In the Dog House with Jill Showalter
Getting excited about puppies is easy. They're little furballs of energy which bring out the softie in all of us. Knocked over the garbage can? "That's OK. Mommy's baby doesn't know how strong she is." Chewed through your favorite shoes? "You just like to be close to me when I'm at work." But for some dogs, that love fades as they get older. Owners get less patient, less loving and less attentive when their dogs begin to slow down and show signs of aging.
Unfortunately, for many dog owners, the amount of attention they give their dog actually seems to fade right when their dogs need it the most. As with humans, dogs need the most care at the beginning and end of their lives. As your dog ages, she needs someone to ensure she's eating a proper diet, living in a safe environment and getting enough exercise. In fact, a dog's day-to-day functions during the later years of her life often become dependent on others.
Aging with dignity
If your dog is getting older or if you're planning on getting a puppy soon, here are a few things to keep in mind that you, as a responsible dog owner, will need to keep in mind as your pet ages:
-Don't treat her like a second-class citizen. If you spent years taking your dogs for walks and playing with her in the yard, there's no reason why you shouldn't maintain a modified version of that same behavior when your dog gets older. Just because she can't run with you anymore in the morning doesn't mean she might not enjoy an evening stroll around the block. As your own physical needs change as you get older, so will your dog's. Don't stop doing the things that bring her happiness.
-Keep up his appearance. There's an expectation that older dogs smell and have a generally unkempt look. This is certainly not the dog's fault. If your dog is getting up there in years, that doesn't mean you neglect your primary responsibilities as an owner. Brush and bathe him regularly, make sure his nails are clipped, his teeth are clean and take him to the groomer so that he can get a thorough treatment. Remembering, there is skin under all that fur and as dogs age their skin can greatly benefit by the special care and moisturizing of a high quality oatmeal bath administered by a professional bather.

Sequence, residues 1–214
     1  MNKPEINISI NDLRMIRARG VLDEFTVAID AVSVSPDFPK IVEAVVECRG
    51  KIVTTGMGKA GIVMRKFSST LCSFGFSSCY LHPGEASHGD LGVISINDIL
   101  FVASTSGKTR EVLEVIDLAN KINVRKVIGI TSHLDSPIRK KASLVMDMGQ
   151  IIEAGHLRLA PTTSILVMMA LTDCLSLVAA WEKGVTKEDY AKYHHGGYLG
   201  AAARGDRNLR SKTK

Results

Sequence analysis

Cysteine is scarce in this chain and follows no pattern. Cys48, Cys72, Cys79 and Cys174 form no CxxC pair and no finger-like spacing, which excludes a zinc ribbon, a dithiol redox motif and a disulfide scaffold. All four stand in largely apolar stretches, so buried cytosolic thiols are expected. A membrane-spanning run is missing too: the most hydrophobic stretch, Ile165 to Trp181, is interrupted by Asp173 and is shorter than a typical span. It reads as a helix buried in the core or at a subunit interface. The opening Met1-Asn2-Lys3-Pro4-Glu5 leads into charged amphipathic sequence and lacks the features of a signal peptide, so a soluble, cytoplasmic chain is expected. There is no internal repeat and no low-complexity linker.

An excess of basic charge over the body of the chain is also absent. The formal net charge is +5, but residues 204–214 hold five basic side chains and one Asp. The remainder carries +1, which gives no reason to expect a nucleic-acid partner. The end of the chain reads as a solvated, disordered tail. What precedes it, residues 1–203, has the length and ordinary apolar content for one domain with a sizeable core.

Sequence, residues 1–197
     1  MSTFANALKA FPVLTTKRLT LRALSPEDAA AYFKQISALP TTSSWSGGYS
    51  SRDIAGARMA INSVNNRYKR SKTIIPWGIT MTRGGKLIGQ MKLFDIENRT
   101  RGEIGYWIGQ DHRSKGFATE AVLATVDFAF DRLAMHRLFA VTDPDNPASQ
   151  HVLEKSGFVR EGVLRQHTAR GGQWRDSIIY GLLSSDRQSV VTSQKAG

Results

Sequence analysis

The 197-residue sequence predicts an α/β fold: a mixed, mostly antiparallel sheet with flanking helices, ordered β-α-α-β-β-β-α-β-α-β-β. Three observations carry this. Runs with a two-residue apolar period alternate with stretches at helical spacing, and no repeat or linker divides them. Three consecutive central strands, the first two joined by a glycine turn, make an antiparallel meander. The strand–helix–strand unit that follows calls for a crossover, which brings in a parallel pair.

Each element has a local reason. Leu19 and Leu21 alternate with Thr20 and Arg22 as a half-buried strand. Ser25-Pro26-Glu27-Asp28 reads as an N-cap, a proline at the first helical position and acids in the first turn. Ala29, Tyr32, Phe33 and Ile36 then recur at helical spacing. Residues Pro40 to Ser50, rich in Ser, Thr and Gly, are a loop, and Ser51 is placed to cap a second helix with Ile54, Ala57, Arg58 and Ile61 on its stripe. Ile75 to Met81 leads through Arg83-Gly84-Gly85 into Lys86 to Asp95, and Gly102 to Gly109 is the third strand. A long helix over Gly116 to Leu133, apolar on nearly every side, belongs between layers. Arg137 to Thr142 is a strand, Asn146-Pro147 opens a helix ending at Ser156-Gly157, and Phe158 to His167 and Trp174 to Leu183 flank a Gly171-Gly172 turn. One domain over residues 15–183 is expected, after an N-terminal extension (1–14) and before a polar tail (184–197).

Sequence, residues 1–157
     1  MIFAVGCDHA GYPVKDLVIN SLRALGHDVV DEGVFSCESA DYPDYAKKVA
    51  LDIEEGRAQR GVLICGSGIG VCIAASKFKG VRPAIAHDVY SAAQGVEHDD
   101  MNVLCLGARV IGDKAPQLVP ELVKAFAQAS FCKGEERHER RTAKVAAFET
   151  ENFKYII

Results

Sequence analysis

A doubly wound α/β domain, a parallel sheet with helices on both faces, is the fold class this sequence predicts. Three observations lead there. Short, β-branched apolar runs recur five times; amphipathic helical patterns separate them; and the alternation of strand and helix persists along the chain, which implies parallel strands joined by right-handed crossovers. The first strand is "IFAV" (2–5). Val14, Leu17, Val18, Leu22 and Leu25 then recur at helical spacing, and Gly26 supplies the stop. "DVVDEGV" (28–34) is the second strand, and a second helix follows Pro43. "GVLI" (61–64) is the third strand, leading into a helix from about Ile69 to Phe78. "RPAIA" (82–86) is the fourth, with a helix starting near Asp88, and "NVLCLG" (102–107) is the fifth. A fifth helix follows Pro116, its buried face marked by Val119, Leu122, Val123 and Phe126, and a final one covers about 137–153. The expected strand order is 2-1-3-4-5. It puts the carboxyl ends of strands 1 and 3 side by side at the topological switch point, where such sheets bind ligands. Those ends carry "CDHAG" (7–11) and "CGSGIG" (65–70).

-Maintain their health. It's easy to begin overlooking primary medical care when dogs age. While it seemed important to take your dog to the vet when he was a puppy, it seems less imperative to do so once they achieve senior status, that's a mistake. Just like with people, it's essential to get proper medical assessments and care as your dog gets older. What you may think is an unsolvable medical problem may be easily fixed.
-Be ready for the end. Knowing what you can afford during your dog's later years is essential. Don't be guilted into care that you can no longer afford if your dog has a terminal illness or serious injury. It's difficult to admit, but there is no glory in keeping a dog alive for selfish purposes. You'll know when your dog has reached the end of his comfortable, enjoyable life. Once you realize that his days and nights will be filled with pain and discomfort, it's often best to give him a peaceful, tranquil exit. While it's difficult to let go of a lifelong companion, we've all known dog owners who put their own feelings ahead of their dog's well-being. And that's completely understandable. No one wants to willingly give up on a living creature who has brought them years of happiness. But no one wants to have that lifelong companion needlessly suffer. When it's time, give them a dignified farewell.
While it's true that we've given our dogs great lives, it's also true that they've repaid us many times over. Throughout our time together, we should do whatever we can to make sure our loyal friends enjoy a pleasurable and peaceful life.
If you have specific questions please go to our blog at inthedoghouse.blog or send us a question on our Facebook page at facebook.com/In-The-Doghouse
Jill Showalter owns Yuppie Puppy and Doggie Day Play in Oak Park. She has personally tended to more than 100,000 dogs since 2007 and has shared stories and advice with numerous dog owners.
Answer Book 2018
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